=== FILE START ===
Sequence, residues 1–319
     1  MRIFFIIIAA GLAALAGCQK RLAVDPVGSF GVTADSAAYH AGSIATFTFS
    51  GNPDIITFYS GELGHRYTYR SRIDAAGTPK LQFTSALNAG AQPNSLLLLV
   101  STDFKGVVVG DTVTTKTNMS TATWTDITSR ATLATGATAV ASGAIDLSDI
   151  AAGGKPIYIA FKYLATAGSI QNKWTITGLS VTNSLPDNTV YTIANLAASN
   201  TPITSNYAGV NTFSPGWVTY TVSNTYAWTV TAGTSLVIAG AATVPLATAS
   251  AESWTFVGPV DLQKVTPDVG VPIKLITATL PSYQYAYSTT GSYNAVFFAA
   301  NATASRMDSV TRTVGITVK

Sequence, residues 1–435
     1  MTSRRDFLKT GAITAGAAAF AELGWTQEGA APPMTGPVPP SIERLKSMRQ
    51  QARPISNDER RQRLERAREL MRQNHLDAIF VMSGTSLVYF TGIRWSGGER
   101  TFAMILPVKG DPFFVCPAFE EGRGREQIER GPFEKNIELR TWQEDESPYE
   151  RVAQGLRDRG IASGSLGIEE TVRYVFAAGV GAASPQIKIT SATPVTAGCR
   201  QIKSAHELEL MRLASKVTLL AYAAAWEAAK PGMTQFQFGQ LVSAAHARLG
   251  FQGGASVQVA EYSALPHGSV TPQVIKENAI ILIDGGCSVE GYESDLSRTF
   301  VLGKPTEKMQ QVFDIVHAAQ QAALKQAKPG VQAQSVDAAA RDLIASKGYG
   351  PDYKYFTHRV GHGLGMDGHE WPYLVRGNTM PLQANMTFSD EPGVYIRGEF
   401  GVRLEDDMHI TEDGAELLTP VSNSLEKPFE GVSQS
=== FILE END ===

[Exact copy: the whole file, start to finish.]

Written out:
Sequence, residues 1–319
     1  MRIFFIIIAA GLAALAGCQK RLAVDPVGSF GVTADSAAYH AGSIATFTFS
    51  GNPDIITFYS GELGHRYTYR SRIDAAGTPK LQFTSALNAG AQPNSLLLLV
   101  STDFKGVVVG DTVTTKTNMS TATWTDITSR ATLATGATAV ASGAIDLSDI
   151  AAGGKPIYIA FKYLATAGSI QNKWTITGLS VTNSLPDNTV YTIANLAASN
   201  TPITSNYAGV NTFSPGWVTY TVSNTYAWTV TAGTSLVIAG AATVPLATAS
   251  AESWTFVGPV DLQKVTPDVG VPIKLITATL PSYQYAYSTT GSYNAVFFAA
   301  NATASRMDSV TRTVGITVK

Sequence, residues 1–435
     1  MTSRRDFLKT GAITAGAAAF AELGWTQEGA APPMTGPVPP SIERLKSMRQ
    51  QARPISNDER RQRLERAREL MRQNHLDAIF VMSGTSLVYF TGIRWSGGER
   101  TFAMILPVKG DPFFVCPAFE EGRGREQIER GPFEKNIELR TWQEDESPYE
   151  RVAQGLRDRG IASGSLGIEE TVRYVFAAGV GAASPQIKIT SATPVTAGCR
   201  QIKSAHELEL MRLASKVTLL AYAAAWEAAK PGMTQFQFGQ LVSAAHARLG
   251  FQGGASVQVA EYSALPHGSV TPQVIKENAI ILIDGGCSVE GYESDLSRTF
   301  VLGKPTEKMQ QVFDIVHAAQ QAALKQAKPG VQAQSVDAAA RDLIASKGYG
   351  PDYKYFTHRV GHGLGMDGHE WPYLVRGNTM PLQANMTFSD EPGVYIRGEF
   401  GVRLEDDMHI TEDGAELLTP VSNSLEKPFE GVSQS